Floral Emblem of New South Wales

Telopea speciosissima, was proclaimed the official floral emblem of New South Wales on 24 October 1962. Robert Brown (1773-1858) named the genus Telopea in 1810 from specimens collected in the Blue Mountains, west of Sydney. Sir James Smith (1759-1828), a noted botanist and founder of the Linnaean Society in England, wrote in 1793:

'The most magnificent plant which the prolific soil of New Holland affords is, by common consent, both of Europeans and Natives, the Waratah. It is moreover a favourite with the latter, upon account of a rich honeyed juice which they sip from its flowers'.





Brief History of the Waratah




The common name ‘Waratah’ was coined by Australian Aborigines and means ‘red-flowering tree’. The botanical name ‘Telopea’ means ‘seen from afar’, and ‘speciosissima’ means 'most beautiful'. The Waratah truly is a most beautiful plant, especially when in flower, and was described by early botanists as the ‘most magnificent plant’ in New Holland. Now symbolically instated as the floral emblem of NSW, the Waratah has become arguably the most famous and recognisable Australian plant.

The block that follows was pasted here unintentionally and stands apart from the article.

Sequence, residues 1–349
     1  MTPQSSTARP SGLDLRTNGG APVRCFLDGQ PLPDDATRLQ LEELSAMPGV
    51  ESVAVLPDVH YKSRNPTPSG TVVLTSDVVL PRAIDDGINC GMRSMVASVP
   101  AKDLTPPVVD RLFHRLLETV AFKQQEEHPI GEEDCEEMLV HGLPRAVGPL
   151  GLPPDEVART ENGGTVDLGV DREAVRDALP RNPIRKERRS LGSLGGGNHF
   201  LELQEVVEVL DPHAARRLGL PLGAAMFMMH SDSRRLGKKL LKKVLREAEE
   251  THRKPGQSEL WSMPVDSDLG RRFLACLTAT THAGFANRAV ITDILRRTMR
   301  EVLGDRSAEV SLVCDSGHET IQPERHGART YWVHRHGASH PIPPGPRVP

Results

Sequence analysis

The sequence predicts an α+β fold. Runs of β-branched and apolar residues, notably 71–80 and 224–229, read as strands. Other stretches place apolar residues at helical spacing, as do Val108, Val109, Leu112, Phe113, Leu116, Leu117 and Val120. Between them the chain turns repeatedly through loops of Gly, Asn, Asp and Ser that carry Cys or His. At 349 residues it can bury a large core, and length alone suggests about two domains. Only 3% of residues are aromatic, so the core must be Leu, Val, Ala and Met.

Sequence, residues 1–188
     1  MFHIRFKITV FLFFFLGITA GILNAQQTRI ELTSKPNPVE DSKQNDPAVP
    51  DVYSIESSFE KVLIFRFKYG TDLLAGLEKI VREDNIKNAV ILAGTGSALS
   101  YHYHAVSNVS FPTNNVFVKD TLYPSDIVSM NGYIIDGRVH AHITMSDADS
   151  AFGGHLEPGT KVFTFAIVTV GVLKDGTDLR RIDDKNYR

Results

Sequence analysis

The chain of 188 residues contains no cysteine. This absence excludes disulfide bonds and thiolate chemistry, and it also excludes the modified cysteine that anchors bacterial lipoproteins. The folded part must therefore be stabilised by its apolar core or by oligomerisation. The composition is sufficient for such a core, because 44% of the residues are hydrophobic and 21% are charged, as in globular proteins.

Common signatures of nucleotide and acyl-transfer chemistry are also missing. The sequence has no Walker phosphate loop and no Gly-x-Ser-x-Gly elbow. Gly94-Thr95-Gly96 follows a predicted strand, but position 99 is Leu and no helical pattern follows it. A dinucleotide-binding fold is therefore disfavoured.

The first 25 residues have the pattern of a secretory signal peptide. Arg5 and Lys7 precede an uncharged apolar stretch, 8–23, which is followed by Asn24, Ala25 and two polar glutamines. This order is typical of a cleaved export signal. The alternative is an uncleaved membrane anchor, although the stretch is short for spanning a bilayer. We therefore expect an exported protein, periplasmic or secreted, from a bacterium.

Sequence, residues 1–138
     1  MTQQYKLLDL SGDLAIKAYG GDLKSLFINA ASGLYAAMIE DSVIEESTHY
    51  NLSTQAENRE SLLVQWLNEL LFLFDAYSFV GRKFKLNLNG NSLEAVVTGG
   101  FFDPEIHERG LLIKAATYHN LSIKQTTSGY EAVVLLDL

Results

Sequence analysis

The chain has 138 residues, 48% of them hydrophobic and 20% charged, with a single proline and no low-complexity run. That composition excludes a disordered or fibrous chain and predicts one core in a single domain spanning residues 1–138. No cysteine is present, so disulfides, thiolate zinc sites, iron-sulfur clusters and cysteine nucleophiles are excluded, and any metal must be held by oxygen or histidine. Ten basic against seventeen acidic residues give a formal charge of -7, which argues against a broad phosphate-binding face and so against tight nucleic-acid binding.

Waratahs feature in Aboriginal legend. They were also used by early European settlers for basket-making — among other uses — and they are depicted in many everyday items such as paintings and pottery. They have been used for company logos and as architectural ornamentation, and the name has been used for towns, steamships and even football teams.

The flower was so popular that efforts were made in the early 1940's to stop harvesting the flowers from the wild and to protect the plant - to conserve it in case it disappears.









  Waratah Illustration

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